Investors wondering whether the U.K.'s underwhelming wage numbers are a blip or a trend can't rely on the Bank of England to provide the answers.
While the central bank revised down its earnings-growth forecasts in February, it still sees an acceleration to 3.75 percent by the end of next year, a level not seen since 2010. The BOE's argument is that the tight labor market and productivity growth should support a gradual pickup in pay.
The trouble is, they've been arguing that for a while. In August, their projections showed 3 percent growth in the fourth quarter of 2015. Data on Wednesday showed that figure was actually 1.9 percent.
Key to the debate is explaining why a decade-low unemployment rate hasn't translated to stronger wages and, in turn, stronger price growth. BOE Governor Mark Carney offered little insight at his most recent press conference, telling a journalist that while the central bank is sticking to its central case for a gradual pickup:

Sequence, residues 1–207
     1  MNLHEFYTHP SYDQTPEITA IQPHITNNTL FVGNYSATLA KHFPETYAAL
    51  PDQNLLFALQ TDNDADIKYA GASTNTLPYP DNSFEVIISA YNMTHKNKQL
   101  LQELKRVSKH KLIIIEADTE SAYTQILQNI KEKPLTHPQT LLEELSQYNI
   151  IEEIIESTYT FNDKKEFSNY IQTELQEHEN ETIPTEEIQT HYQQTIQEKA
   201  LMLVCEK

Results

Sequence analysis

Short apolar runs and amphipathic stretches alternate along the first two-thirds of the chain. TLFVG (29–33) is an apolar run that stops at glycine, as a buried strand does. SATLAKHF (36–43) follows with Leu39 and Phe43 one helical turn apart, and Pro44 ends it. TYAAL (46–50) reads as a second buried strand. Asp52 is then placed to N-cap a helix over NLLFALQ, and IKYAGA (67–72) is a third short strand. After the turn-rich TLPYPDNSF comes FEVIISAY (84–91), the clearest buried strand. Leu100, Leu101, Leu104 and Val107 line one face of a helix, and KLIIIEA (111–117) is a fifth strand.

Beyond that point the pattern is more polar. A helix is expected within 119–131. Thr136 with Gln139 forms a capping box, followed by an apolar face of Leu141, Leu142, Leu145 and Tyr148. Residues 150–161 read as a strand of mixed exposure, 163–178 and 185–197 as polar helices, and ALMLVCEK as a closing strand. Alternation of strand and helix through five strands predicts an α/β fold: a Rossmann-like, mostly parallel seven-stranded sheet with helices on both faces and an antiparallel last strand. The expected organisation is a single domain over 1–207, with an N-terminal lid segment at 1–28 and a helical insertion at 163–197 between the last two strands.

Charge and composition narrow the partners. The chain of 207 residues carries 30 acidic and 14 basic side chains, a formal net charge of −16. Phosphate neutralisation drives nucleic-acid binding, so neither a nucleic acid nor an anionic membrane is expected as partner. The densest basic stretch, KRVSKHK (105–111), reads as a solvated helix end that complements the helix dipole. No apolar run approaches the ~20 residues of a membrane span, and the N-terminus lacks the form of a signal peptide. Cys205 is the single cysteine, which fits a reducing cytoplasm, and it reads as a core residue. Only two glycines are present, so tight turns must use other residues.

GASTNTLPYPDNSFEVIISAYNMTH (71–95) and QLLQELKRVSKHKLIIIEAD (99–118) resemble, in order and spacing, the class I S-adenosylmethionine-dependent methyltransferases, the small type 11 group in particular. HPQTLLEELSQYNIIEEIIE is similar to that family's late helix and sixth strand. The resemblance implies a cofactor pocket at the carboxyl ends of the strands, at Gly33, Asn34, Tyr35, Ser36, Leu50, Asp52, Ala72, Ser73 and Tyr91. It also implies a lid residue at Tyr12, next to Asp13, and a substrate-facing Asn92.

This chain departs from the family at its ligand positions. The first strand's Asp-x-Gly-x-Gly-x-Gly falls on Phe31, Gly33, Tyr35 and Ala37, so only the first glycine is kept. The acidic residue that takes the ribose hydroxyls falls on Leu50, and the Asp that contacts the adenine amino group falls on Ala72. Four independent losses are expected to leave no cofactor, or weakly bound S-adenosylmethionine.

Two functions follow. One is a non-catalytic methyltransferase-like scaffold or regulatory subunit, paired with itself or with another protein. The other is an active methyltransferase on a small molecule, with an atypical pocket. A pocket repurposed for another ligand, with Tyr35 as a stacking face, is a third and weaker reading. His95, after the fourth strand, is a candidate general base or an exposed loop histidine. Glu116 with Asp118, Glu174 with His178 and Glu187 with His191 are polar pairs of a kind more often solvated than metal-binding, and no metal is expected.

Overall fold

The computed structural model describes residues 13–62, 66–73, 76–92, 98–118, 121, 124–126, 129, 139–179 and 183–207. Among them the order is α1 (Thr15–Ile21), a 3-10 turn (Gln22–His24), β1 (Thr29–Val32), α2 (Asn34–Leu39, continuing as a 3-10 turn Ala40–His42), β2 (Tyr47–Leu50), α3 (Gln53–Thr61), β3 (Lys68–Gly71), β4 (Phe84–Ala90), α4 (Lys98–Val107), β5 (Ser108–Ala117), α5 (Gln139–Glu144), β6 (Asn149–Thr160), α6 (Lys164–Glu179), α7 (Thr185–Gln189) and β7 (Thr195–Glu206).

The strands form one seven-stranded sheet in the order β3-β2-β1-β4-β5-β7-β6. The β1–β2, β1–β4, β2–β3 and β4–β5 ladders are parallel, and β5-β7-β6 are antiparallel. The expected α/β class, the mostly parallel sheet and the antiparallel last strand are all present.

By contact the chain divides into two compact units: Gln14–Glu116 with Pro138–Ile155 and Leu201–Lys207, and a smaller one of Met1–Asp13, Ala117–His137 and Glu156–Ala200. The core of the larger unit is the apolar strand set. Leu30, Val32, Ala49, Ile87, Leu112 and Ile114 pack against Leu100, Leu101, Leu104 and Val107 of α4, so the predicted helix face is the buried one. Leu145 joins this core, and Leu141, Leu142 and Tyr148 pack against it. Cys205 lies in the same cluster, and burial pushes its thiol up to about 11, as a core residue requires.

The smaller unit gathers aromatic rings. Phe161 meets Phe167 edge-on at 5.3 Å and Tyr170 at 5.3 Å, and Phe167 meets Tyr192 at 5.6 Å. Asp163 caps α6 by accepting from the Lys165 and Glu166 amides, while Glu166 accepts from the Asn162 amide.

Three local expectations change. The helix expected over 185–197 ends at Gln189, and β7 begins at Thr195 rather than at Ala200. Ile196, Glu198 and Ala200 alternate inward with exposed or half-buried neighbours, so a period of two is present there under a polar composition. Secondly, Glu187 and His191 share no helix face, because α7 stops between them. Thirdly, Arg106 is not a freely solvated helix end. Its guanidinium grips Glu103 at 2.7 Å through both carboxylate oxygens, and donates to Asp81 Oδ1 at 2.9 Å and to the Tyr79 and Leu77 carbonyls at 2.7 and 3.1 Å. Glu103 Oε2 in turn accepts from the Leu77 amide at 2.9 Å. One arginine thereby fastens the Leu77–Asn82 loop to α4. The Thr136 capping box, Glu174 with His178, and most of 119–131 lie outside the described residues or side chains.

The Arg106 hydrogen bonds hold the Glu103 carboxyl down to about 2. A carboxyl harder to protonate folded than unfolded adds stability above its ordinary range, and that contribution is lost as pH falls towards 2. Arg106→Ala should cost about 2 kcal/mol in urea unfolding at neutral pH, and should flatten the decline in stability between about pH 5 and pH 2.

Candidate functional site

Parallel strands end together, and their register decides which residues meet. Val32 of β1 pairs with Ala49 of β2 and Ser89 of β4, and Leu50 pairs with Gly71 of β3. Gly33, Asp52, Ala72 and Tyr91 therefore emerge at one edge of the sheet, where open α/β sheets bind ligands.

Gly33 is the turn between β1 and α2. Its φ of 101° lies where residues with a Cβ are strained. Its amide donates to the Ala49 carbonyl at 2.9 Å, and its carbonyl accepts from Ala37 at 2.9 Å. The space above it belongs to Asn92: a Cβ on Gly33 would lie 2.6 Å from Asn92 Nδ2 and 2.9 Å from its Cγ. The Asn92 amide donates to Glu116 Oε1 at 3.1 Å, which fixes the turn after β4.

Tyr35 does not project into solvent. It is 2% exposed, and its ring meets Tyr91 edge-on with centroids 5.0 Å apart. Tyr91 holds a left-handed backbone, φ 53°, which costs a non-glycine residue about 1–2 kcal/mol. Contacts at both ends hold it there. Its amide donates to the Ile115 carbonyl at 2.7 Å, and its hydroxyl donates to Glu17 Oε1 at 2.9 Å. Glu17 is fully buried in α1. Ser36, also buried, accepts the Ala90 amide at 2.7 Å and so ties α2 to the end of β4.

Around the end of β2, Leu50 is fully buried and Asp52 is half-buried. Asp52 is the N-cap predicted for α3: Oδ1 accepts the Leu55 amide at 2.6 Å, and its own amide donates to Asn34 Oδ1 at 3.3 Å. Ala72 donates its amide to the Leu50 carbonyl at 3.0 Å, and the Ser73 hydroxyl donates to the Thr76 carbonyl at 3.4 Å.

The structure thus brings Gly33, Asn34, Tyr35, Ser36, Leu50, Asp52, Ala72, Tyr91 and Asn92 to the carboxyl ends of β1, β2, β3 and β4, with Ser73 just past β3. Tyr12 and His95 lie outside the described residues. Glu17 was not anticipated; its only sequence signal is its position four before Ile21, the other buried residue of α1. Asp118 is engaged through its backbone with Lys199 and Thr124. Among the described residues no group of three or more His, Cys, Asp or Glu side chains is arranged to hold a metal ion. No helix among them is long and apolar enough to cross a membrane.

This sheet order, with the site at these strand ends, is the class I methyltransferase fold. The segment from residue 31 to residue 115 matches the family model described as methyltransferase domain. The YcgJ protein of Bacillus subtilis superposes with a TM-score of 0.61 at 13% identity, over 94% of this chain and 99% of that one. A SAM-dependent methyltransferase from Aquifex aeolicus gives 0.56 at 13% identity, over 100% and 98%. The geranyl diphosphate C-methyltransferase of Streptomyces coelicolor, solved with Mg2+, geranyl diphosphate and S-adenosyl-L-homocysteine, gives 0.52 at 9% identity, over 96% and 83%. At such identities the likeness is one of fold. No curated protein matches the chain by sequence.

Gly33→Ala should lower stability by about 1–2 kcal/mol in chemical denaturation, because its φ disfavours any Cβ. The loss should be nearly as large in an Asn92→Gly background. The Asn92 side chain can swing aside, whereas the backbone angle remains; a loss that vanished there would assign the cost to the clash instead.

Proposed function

``You know as much as we do about the labor market.''
Other factors that could be at play include a change in the composition of employment, the possibility that there's more slack in the labor market than the BOE estimates or the lagged effect of slower productivity growth. None of these are the BOE's central case, however.
Many economists agree with the BOE's central message that the factors weighing on wage growth will dissipate.
The BOE's forecast is "ambitious , but it's good to be ambitious," said Alan Clarke, an economist at Scotiabank in London. "It looks increasingly like the soft spot in wages was two rogue months."
The new-year wage round, which in the past has delivered some chunky pay increases, will be key, as will an increase in the minimum wage in April.
Still, several risks are looming. A referendum on the U.K.'s membership of the European Union, which could come as early as June, might prompt a drop-off in hiring and hit wages, according to ING economist James Knightley. BOE officials have also said they're watching for low inflation creeping into pay settlements, though they say that's not a dominant factor.
"It doesn't make sense for pay to stay at such low levels," Knightley said. "There's going to come a point, a tipping point, whereby it does start to rise."